5 Pastors in Iraq and Syria Speak Out: What Can We Learn From Their Faith?
How can we continue to pray for the leaders of the Middle East Church as they work toward healing?
Very few things bring us closer to our Savior than crisis. As we’ve reported on the ISIS war and its impact on Christianity in the Middle East, we’ve had the privilege of hearing from stalwart leaders of churches in Iraq and Syria–figures of hope and restoration who have endured and persevered through unimaginable terror and persecution. As Pastor Simon says below, these leaders “meet with people in their pain.”
Below, we highlight what we can learn from church leaders on the front lines of faith–and how we can continue to pray for them as they work to rebuild the walls.
“Every crisis makes us stronger.”
“It is not clear what the future will look like,” says Archbishop Yohanna Petros Mouche (Bahiqa, Iraq). “We have this issue between the Kurdish and Iraqi governments … In Iraq, things are never guaranteed. Our future is in the hands of God. We pray that life will be better than it was before. But we see that the Christians have become stronger because of the crisis. Every crisis makes us stronger. You see that the Church became everything for the Christians.”
“All I can do is trust God.”
“It is our mission to live here in this place as Christians, the place of the root of Christianity,” shares Father Thabet (Karamles, Iraq). “Without faith, I do not have a reason to stay here. But I have faith, so I am here … Of course [this fear] is normal, but the situation for Christians in Iraq has always been unstable. I think safety is increasing, and it will only increase more when people will start living here again. All I can do is trust in God.”
“The church belongs to the Lord, not to us.”
“December 25 was the climax. ISIS fighters threatened me in person,” recalls Pastor Samuel* (Aleppo, Syria). “I myself, my house and my church would not be safe if I’d stayed. I had survived being kidnapped, I had survived five years of war, but this was it. I had to leave … First, the church belongs to the Lord, not to us. That being said, it’s not going to be easy… the majority of the Christians have already left Syria, meaning that the remaining part will be a very small minority in a Muslim-dominated country. I am glad I can put these situations into God’s hands because I really don’t know what is going to remain of Christianity in Syria.”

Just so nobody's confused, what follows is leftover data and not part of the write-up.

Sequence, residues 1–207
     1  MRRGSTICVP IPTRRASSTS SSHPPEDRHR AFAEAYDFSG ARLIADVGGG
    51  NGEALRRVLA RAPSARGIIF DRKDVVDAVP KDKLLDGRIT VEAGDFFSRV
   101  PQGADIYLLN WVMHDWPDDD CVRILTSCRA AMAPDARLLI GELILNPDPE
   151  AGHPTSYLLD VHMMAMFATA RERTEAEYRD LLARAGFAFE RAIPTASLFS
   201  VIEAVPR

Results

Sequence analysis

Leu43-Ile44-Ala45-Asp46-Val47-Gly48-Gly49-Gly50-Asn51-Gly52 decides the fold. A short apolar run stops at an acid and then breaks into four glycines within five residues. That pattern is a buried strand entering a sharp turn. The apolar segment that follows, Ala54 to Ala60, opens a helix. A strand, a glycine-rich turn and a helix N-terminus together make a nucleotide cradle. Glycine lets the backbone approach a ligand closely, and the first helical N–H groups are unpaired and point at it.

“Peace comes through a personal experience of the presence of God.”
“We, as the Syrian church, experience the fear of the Lord, His sovereignty, His greatness, and His power,” Pastor Edward (Syria). “Peace comes through a personal experience of the presence of God. We have learned that the fear of the Lord and the peace of God are connected; they go together. Habakkuk’s life changed because of this experience of the presence of God. He didn’t get all the answers, but God was sufficient for him. When there is nothing, ‘I will rejoice in the Lord, I will be joyful in God my Savior.’”
“The Lord has not yet told me to leave.”
“God strengthens me through an organization like yours that helps us to support the people and even helps with retreats for church leaders,” shares Pastor Simon* (Syria). “The Lord has not yet told me to leave. When I meet with people in their pain, I see that my presence makes a big difference. They say, ‘Don’t leave us here.’”
Please pray for Archbishop Mouche, Father Thabet, Pastor Samuel, Pastor Edward and Pastor Simon as they lead the present and future Church in the Middle East.
- God would continue to impart to them insight and a passion for His people.
- These leaders would have wisdom and discernment as they talk about forgiveness and healing.
- Pray for them personally, for protection, stamina and endurance in the coming days, weeks, months and years.
Want to hear from more leaders and persecuted believers? We give you the information and insight to help you pray specifically for your brothers and sisters in Christ.